As I was looking through all the cards that Jim and Kelsey had forwarded to me this one of Valparaiso, Chile caught my eye.  As readers may recall, Axel Schroder the Danish sailor, jumped ship in Valparaiso around 1896-1897 and ended up working in the nitrate mines.  The oral history stories always made it sound like the mines were quite near to Valparaiso when in fact they were located much further north in towns like Humberstone, Santa Laura, Aguas Santas, Puelma, Pedro de Valdivia, Maria Elena, and Chacabuco.  We can’t be sure which mine but we can say that he had to work his way up the coast probably aboard ships until he reached northern Chile where he stayed for perhaps a year before moving north along the coast again finally ending up in Seattle in 1898 or 1899

Axel Schroder, ca 1899

In the 19th century nitrate or saltpeter was mainly used in the production of fertilizer and gunpowder.  It was called “white gold” and the Atacama Desert area of northern Chile has plenty of it.   Today, among other things, nitrate is used in instant cold packs, for heat storage and heat transfer in solar power plants, in the wastewater industry, as a food additive and preservative for meats, and also in mouthwash and dental gels.  The big boom in nitrate mining and exportation was from about 1870 to the beginning of World War II when other methods of making explosives were invented. 

When Axel was in Valparaiso it was before the Panama Canal had been built and it was a major trade route port.  After the canal opened in 1914 trade activity diminished dealing this port based economy a severe blow.  In the boom years the population soared from that of a small town to a city of 160,000 with colorful houses crowding the hillsides but after the canal opened and the economy began to falter many of the wealthier families left the city.  The city is now experiencing revitalization with many artists, cultural entrepreneurs, and thousands of tourists.   Population as of 2012 is listed as 284, 630.

The card above produced and distributed by Hispapel Ltda of Santiago, Chile has five numbered views on it of Valparaiso.  Corresponding identifications are found at the upper left on the reverse of the card along with the code 05-126 at the lower right.  Since the numbers on the front of the pictures may be difficult to distinguish, I am including them here.  The smaller pictures are, beginning at the top left, 1– Caleta S. Pedro, 2-Muelle Prat, 3-Caleta Portales and 5-Cerro Alegre.  Number 4 is the larger photo, Puerto.  The card looks perhaps printed in between the 1970s and 1990s.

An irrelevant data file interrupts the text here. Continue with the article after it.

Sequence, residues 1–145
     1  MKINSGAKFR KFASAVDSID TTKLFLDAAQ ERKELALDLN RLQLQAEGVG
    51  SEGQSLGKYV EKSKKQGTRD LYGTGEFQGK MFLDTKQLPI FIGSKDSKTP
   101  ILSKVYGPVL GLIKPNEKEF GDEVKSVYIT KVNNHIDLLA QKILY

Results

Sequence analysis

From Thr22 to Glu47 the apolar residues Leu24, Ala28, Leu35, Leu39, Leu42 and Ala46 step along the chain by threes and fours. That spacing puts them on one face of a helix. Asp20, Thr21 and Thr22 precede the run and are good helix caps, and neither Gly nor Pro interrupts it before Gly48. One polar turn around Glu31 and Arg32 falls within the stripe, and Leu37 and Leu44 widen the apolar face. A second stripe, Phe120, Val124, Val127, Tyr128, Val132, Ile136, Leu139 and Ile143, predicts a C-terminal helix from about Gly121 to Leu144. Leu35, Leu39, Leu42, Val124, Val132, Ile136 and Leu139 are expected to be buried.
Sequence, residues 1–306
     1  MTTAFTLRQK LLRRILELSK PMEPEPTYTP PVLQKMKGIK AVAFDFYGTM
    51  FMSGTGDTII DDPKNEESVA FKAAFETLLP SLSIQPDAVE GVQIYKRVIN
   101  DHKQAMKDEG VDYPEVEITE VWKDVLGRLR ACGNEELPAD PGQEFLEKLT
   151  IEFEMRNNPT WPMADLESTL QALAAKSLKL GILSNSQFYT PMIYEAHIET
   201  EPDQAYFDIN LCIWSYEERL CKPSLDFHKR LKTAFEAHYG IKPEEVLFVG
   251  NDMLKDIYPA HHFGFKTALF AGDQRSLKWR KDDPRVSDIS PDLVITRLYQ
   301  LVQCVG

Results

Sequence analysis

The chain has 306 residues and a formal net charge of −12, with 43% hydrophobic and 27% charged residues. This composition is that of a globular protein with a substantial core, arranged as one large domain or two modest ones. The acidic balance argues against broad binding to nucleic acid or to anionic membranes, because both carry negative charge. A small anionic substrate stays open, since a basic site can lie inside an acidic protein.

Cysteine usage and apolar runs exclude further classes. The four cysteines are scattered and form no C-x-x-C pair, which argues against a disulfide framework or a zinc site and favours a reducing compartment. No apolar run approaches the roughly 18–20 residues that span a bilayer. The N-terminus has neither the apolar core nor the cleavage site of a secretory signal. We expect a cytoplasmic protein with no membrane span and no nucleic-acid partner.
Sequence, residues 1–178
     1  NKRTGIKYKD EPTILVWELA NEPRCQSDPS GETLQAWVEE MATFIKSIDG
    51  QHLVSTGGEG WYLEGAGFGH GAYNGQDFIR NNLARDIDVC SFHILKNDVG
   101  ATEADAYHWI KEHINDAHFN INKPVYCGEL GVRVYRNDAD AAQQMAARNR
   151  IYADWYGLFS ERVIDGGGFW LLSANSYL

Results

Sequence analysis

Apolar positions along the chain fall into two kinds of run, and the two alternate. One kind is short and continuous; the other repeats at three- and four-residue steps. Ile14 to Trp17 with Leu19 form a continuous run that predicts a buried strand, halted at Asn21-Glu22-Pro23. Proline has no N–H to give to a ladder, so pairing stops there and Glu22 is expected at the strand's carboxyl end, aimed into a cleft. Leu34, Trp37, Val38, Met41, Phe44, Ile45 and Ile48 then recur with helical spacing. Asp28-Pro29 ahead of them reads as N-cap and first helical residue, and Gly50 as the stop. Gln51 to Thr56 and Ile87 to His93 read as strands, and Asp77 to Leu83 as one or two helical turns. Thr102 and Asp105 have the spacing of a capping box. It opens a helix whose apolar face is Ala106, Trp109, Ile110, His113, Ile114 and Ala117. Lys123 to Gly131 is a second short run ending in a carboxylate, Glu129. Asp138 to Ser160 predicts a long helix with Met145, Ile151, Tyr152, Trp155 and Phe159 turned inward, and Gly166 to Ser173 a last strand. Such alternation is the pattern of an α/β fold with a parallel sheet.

Thanks again to Jim and Kelsey for sending the postcards!

For additional information and pictures of some of the mining relics, see:

Monday, April 11, 2016

Tulips, tulips, tulips

The Tulip Town windmill
It has been a couple of years since we visited the tulip fields in Skagit Valley.  The weather forecast for last week was sunny and warm so we decided to take a trip north to see the flowers.  The peak bloom was just passing but there were plenty of gorgeous brightly colored tuplips to see.  

Even though it was a weekday it was Spring Break for a lot of kids and the two larger tulip growers, Roozengaarde and Tulip Town, had crowds and packed parking lots even bus loads of people were arriving as we were.  Of the two Roozengaarde is the biggest with several formal garden displays in addition to the fields.  When we visited the year before last we went there and enjoyed it very much.  Thinking that the crowds might be less on a weekday at Tulip Town we chose to go there this time.  There were still lots and lots of people and the line of cars and buses waiting to park was long and slow but in the end the wait was well worth it.  On the way home we drove past Roozengaarde just to see if it was equally busy and noted that it was perhaps even more crowded.